West Beirut, written and directed by Ziad Doueiri, tells the story of the disintegration of Lebanon from April 13, 1975, through the eyes of high school students who bridged the gap between the Christian and Moslem communities and the parents of one of the students, a Christian mother and a Moslem father. When the film begins, Tarek sings the Lebanese national anthem to the chagrin of his schoolteacher, who has all students at attention, singing the Marsellaise. It seems that Tarek (played by the director's brother Rami) and his Moslem friend Omar (played by Mohamad Chamas) commute from their apartments in West Beirut, where a Christian girl May (played by Rola Al Amin) also lives (but survives only by later hiding her cross pendant as the civil war heats up), to attend a French school in East Beirut. The teacher goes on to berate Tarek, tells him to leave class when he deliberately misspells "Monsieur," and ethnocentrically tells the class that France gave Lebanon its civilization. However, nothing seems to bother always-smiling Tarek, who observes the resurgence of the civil war from the second floor of the school, after which school is shut down. Thereafter, Tarek has words with a foul-mouthed motorist, observes Christians firebombing a demonstration of Moslems, drops a basin of water onto a crazed woman in the neighborhood to stop her verbal rage, helps his uncle when he is attacked by a greedy Moslem so-called protector of his neighborhood, and even visits a brothel located in the neutral zone between the two parts of the city. (The film contains occasional scenes of some of the major violent outbreaks during a civil war that continued until the early 1990s.) The tagline of the film is "Growing up is only half the battle." Meanwhile, his father Riad (played by Joseph Bou Nassar) calms his mother Hala (played by Carmen Lebbos) , who wants to leave Lebanon, by telling her that whatever humiliation she is now suffering would be multiplied manyfold if the family were to become refugees in Western Europe or the United States. The father eloquently reminds her that Lebanon has had internal conflicts many times before but is part of a venerable civilization, one that advanced the arts and science long before Europe, and can only be preserved by remaining. MH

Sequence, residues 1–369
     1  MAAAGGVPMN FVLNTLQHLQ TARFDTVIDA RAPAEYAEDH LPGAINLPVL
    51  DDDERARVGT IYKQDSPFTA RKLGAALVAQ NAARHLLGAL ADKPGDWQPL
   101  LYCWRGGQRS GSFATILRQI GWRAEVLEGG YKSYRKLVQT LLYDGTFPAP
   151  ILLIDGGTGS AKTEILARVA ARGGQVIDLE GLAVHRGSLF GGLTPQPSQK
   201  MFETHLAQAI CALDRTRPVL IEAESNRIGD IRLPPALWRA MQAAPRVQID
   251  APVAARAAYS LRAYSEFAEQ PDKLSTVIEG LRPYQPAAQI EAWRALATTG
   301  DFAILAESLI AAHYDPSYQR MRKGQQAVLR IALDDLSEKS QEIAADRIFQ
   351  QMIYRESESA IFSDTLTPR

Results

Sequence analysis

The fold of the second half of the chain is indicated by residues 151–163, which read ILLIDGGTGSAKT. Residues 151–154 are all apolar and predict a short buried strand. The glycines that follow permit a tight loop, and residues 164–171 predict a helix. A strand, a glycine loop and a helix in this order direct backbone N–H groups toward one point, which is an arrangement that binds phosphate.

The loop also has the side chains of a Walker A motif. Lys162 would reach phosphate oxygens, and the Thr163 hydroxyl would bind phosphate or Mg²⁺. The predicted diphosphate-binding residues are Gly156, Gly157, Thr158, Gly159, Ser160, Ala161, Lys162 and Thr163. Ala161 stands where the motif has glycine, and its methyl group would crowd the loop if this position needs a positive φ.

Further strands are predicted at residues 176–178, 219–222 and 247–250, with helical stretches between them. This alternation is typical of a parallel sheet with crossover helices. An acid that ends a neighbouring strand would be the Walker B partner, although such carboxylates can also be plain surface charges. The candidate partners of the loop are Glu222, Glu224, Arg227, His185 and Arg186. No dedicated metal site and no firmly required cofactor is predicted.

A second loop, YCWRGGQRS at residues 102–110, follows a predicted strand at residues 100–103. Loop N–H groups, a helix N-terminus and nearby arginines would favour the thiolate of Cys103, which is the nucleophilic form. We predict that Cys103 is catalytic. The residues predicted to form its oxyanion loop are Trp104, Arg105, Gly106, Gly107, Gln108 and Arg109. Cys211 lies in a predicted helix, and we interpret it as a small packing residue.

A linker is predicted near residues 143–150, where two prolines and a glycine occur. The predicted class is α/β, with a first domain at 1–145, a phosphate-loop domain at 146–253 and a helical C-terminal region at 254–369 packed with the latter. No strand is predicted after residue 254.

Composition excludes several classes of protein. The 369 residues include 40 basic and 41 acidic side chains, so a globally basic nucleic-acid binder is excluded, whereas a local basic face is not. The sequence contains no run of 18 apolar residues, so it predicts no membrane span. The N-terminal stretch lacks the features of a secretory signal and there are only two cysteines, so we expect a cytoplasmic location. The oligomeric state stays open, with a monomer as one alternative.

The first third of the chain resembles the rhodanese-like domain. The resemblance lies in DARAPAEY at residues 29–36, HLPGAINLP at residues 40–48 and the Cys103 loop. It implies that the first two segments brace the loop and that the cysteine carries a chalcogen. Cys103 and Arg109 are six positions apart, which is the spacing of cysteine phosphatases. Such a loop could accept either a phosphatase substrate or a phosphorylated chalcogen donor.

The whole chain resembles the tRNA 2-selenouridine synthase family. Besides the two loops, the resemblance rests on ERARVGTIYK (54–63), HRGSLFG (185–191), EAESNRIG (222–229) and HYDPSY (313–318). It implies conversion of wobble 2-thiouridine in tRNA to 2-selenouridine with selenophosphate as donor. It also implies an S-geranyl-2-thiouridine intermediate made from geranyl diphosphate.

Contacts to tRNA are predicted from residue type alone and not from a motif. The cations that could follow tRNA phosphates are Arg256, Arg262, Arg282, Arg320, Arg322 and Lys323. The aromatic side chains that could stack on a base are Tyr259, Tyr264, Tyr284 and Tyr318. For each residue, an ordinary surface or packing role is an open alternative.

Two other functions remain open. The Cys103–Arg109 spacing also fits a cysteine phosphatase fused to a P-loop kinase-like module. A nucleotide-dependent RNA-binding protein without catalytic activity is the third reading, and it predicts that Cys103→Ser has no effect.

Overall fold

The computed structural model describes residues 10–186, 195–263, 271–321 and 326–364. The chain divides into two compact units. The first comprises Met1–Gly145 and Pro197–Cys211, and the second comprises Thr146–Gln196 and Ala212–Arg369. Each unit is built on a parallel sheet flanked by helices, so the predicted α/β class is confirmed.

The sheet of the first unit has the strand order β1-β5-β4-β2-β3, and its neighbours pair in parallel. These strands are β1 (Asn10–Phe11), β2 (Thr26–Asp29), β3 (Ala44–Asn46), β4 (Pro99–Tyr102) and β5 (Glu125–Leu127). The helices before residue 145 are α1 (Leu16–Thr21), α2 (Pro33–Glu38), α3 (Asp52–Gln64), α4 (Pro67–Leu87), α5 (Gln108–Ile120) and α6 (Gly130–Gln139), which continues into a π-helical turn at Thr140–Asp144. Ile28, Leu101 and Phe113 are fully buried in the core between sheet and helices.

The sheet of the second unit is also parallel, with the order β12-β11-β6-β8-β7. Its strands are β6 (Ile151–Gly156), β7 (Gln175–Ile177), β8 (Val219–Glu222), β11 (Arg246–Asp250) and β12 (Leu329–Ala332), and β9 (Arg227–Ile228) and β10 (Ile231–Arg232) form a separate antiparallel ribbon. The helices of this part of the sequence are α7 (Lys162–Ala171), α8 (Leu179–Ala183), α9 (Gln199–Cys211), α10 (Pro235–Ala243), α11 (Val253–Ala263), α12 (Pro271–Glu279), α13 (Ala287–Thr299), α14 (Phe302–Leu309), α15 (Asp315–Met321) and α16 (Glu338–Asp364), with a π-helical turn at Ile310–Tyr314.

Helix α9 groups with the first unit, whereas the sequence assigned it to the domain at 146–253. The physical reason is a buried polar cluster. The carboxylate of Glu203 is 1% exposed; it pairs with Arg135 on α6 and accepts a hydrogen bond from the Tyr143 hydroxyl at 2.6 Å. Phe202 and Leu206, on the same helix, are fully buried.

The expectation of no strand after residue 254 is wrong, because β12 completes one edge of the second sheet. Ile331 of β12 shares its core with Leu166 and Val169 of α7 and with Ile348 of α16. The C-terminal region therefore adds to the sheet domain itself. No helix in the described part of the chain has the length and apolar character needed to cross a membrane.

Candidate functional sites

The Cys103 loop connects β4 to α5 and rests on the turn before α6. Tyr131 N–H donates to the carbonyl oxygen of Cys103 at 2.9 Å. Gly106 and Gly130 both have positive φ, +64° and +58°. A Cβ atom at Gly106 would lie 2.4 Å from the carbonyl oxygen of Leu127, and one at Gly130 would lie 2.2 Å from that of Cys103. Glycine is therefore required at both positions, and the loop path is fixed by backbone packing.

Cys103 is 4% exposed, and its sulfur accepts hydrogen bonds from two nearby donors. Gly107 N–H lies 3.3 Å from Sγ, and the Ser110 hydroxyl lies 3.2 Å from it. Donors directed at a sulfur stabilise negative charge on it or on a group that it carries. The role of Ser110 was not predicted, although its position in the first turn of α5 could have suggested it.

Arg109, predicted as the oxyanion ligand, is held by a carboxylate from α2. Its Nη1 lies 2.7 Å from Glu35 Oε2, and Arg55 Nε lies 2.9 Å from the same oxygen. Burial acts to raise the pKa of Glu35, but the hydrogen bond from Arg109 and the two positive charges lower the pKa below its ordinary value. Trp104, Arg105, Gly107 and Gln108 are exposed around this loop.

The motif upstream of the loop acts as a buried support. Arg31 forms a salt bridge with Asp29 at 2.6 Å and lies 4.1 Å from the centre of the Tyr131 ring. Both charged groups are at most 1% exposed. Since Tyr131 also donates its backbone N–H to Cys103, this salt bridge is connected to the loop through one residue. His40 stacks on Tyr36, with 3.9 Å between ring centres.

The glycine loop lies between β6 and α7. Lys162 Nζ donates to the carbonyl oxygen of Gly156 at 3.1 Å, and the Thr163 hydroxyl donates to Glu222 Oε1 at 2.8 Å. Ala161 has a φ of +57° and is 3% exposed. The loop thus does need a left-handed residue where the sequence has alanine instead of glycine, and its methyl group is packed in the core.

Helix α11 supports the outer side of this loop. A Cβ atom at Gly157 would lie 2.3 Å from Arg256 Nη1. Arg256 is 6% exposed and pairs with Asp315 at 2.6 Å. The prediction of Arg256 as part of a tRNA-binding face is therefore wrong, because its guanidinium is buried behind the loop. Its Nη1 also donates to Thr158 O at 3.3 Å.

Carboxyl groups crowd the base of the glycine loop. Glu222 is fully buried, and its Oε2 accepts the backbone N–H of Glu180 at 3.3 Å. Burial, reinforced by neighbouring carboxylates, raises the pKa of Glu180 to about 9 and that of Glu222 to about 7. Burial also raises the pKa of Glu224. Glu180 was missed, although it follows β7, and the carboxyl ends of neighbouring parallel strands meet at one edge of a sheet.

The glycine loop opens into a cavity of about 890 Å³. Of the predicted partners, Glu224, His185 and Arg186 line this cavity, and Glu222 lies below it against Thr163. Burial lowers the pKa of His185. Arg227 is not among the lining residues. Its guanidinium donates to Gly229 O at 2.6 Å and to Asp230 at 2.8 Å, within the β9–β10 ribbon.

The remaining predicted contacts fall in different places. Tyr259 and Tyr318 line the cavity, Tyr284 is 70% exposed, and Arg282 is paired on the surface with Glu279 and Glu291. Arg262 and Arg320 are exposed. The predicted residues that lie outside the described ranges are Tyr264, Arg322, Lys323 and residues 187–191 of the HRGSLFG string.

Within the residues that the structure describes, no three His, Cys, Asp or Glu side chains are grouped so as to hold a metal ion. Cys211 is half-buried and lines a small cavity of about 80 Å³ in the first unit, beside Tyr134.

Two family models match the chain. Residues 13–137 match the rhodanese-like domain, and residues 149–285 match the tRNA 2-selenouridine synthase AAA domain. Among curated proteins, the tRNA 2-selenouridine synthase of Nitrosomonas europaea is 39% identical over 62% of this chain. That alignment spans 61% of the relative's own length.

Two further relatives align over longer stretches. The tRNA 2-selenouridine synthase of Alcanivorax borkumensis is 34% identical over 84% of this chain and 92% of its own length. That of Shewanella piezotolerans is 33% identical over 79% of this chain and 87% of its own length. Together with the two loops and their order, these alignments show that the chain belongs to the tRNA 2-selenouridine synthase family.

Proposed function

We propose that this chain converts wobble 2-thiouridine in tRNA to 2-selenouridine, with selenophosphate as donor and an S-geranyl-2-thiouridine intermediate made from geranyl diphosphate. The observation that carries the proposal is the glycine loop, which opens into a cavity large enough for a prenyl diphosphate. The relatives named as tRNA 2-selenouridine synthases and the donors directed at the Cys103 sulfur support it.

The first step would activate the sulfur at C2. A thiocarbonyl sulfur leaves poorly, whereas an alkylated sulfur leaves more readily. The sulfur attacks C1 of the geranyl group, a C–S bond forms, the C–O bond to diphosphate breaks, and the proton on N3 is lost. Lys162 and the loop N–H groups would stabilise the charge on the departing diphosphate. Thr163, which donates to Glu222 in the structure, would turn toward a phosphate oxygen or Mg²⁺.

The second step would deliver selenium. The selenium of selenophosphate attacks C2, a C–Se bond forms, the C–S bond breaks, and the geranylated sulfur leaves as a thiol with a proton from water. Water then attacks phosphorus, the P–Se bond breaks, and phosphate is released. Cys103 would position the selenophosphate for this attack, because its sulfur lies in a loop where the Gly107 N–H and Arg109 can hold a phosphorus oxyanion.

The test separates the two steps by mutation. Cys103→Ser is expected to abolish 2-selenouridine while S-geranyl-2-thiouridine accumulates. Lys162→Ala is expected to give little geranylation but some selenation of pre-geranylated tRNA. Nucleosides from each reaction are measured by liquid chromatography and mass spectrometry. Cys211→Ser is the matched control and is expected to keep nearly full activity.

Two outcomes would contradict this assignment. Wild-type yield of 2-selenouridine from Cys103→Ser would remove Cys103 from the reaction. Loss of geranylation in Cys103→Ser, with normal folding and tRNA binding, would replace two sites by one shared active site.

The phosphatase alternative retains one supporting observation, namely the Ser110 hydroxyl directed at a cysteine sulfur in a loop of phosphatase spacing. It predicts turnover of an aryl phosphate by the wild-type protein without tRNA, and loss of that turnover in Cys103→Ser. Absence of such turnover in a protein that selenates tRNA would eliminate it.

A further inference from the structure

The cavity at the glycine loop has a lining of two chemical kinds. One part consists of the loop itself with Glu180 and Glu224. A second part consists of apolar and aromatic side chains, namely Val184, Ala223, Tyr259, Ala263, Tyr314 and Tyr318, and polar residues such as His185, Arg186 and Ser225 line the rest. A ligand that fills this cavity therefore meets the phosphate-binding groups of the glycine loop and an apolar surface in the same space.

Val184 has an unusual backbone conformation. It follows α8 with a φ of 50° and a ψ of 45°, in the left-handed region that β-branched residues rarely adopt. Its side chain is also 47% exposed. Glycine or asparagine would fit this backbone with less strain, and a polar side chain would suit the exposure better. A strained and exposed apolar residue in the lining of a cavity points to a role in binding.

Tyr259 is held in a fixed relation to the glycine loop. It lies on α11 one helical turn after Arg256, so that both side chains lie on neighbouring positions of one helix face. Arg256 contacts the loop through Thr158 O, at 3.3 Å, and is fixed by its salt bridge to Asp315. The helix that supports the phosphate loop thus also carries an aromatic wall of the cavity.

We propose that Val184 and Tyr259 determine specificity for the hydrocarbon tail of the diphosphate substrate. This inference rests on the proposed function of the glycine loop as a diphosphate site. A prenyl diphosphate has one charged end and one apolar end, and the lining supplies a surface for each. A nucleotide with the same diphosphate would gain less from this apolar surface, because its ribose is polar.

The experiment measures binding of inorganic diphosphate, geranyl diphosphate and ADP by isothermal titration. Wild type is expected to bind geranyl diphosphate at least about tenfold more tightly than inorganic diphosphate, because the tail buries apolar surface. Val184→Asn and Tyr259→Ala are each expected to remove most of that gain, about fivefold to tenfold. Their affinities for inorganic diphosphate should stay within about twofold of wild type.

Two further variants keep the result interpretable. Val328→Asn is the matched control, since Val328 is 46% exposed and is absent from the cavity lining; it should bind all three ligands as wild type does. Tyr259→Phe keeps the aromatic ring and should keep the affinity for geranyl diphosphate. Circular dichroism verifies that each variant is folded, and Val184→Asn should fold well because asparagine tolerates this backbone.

POLITICAL FILM SOCIETY INVITES NOMINATIONS FOR AWARDS
Members of the Political Film Society can nominate feature films released in 1999 for awards in the following categories: democracy, exposť, human rights, and peace. Nominations close on December 31 each year, and voting will take place in the first two months of the year 2000 for the film that best raises political consciousness in each of four categories.

NOMINEES FOR 1999
EXPOS…: Bastards, Cabaret Balkan, Three Seasons
HUMAN RIGHTS:
The General's Daughter, Hard, Three Seasons, Xiu Xiu
PEACE: Cabaret Balkan, West Beirut